- Track, over time, your purchasing costs for those items and compare them to the market prices. If it's commodity whose price fluctuates over time, plot your pricing, along with the market price, on a curves and compare them.
- Set very aggressive cost-reduction targets, incent various people (not just purchasing staff) to hit them. For instance, don't just reward purchasing

3. Jump right in.

Sometimes, unexpectedly, you can jump in yourself, find a new vendor for a big-ticket item, and put them through the qualification procedure. If their pricing is competitive, make it known that you expect your Purchasing team to get these types of results without them. Repeat this every once in a while.

4. Make a list.

Once you've made big-ticket corruption a little more difficult and less attractive, move on to smaller or administrative purchases. Of course you don't want to spend too much time on these, so here are some lazy-man's strategies to controlling this kind of corruption.  First, get a list of vendors for all smaller, administrative and facility procurement. Make sure the list includes vendor name, location, and items purchased. For good luck, make sure you have a copy of the business licenses, and some copies of PO's also. You goal is to look for suspicious vendor choices. Here's what you're looking for.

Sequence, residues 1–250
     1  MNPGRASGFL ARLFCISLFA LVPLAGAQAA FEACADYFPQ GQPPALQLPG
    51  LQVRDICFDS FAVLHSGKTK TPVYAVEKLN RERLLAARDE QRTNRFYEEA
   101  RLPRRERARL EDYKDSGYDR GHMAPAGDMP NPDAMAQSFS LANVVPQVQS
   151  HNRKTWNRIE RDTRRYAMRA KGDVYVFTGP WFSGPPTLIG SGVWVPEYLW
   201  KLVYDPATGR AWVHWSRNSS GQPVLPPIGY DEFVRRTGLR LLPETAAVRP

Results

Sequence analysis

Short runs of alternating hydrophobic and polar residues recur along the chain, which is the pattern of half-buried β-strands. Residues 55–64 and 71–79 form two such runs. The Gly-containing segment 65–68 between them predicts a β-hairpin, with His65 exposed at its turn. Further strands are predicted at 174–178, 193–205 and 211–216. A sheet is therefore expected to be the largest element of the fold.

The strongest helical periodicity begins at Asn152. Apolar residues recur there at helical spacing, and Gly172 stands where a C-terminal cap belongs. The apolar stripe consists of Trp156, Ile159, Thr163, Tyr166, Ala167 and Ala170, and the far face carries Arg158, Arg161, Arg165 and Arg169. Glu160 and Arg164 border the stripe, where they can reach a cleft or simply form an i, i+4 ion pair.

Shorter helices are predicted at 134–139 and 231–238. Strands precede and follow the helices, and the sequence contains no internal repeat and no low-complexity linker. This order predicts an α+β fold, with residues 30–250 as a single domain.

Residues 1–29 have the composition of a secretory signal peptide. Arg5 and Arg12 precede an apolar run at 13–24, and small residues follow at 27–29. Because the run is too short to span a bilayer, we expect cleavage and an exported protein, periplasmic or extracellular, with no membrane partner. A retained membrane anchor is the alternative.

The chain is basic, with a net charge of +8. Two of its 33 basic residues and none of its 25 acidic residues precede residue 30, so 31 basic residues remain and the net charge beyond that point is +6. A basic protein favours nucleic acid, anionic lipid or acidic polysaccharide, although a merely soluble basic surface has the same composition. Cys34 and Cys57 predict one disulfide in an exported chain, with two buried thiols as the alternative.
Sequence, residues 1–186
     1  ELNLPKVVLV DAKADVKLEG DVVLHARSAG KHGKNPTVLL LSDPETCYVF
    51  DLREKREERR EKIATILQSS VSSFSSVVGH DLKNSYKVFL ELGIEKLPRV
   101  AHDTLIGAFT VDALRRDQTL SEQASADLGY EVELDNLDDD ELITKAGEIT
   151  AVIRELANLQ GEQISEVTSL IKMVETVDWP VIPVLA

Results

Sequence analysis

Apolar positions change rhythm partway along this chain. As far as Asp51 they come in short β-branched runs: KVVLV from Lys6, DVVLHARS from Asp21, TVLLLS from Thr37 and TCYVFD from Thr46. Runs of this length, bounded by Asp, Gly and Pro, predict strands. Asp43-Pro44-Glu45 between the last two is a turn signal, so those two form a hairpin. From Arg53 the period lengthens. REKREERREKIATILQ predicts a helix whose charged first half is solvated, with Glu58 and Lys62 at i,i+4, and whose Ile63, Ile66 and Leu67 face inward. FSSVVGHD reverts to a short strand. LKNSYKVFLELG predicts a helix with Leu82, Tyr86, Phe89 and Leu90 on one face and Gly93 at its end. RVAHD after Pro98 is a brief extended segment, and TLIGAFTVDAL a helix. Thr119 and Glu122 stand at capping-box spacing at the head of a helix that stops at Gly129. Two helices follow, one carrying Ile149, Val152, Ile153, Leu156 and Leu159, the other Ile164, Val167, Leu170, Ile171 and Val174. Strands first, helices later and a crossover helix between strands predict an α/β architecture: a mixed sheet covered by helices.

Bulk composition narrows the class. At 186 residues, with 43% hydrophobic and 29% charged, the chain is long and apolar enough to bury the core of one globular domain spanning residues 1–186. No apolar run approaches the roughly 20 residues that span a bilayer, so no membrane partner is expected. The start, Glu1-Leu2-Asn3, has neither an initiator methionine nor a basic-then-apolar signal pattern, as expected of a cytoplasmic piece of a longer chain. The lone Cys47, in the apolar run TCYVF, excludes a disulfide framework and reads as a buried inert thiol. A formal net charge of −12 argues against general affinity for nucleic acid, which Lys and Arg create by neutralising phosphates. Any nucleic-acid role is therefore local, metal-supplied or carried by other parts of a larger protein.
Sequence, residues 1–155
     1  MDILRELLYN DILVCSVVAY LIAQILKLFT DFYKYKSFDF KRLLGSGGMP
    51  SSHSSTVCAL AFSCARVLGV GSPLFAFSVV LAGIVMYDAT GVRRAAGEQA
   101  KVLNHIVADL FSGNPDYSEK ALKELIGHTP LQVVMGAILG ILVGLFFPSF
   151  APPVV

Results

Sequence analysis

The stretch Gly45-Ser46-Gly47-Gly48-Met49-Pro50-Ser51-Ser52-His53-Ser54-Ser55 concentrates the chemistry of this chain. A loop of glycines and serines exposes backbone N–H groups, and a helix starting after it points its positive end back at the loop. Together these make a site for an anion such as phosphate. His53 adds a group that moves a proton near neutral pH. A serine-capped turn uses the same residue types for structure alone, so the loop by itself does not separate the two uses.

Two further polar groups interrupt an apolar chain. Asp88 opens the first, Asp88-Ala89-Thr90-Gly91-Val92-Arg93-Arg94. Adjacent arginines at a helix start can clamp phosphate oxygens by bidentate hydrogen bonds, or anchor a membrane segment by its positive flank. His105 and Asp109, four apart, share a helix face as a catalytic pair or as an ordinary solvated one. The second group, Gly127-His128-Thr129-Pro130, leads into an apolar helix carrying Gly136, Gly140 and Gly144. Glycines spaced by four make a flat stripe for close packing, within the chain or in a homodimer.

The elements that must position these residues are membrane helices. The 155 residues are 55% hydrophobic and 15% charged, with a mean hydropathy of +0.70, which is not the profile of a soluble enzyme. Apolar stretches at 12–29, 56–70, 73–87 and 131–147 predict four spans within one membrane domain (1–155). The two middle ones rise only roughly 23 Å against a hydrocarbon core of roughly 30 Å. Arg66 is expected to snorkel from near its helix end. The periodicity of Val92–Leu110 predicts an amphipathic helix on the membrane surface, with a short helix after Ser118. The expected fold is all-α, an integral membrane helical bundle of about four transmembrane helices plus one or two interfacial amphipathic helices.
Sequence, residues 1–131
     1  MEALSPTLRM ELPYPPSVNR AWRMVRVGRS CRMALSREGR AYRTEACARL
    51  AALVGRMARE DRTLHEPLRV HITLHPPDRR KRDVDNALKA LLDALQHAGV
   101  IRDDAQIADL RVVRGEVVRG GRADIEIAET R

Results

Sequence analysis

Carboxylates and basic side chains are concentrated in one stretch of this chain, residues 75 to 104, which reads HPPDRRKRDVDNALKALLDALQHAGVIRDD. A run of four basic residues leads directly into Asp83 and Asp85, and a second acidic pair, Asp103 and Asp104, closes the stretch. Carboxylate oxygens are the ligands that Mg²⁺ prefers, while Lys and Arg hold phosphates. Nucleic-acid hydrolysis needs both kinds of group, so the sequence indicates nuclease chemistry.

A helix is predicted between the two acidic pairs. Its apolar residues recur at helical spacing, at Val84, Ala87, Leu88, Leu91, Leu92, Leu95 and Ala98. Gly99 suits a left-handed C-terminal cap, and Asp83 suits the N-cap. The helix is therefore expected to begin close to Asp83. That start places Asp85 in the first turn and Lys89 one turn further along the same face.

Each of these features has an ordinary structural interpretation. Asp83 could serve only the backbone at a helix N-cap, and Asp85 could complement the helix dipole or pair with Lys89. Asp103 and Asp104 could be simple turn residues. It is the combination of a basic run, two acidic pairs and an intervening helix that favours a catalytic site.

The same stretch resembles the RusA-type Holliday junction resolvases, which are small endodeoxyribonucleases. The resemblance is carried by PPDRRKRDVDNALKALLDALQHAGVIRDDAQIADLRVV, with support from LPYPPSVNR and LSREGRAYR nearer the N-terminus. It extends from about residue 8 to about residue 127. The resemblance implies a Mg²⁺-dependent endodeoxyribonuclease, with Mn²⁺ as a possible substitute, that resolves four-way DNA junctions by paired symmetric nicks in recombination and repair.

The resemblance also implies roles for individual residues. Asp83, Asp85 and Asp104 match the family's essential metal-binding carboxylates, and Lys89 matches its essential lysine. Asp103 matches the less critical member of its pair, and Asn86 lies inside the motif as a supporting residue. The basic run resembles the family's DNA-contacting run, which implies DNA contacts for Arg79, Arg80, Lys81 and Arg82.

- Chinese company names often indicate the business scope of the company. Look for vendors that don't make sense. Are you buying stationary from a hardware store? Are hand-tools, toilet paper, fixtures, and printer consumables all bought from the same all-purpose vendor? If so, they are suspicious.
- Match vendor names with commercial invoices, purchase orders and commercial invoices. If they don't match, they are suspicious.
- Look for vendors that are located far away. Are you trucking in sundries from a small shop 50 km away?  Why? If so, find closer alternatives.
- Look for overly generalist suppliers. Do you find one small supplier selling everything from toilet paper  and cleaning supplies to hydraulic systems components? If so, it could be a purchasing "front", used to kick-back to your employees.

5. Take action.

- In a meeting, ask clearly about the vendors that don't make sense. Why choose them? Why? Why? Why? If you get strange-sounding resistance to switching vendors, keep pushing.
- For all possible purchases, move them to large brick and mortar retailers, like Walmart, or on-line retailers like JD.com, Grainger.cn, etc. Some of these may be a tad more expensive, but you will be able to assure that invoices are real and that the items are not fake.
- For all purchases that can't be moved to large retailers or e-tailers, demand an immediate source that makes sense regarding business scope, documentation, location, etc. Get progress updates often until the suspicious vendors have been abandoned.

Source: David Levy via LinkedIn
- GAI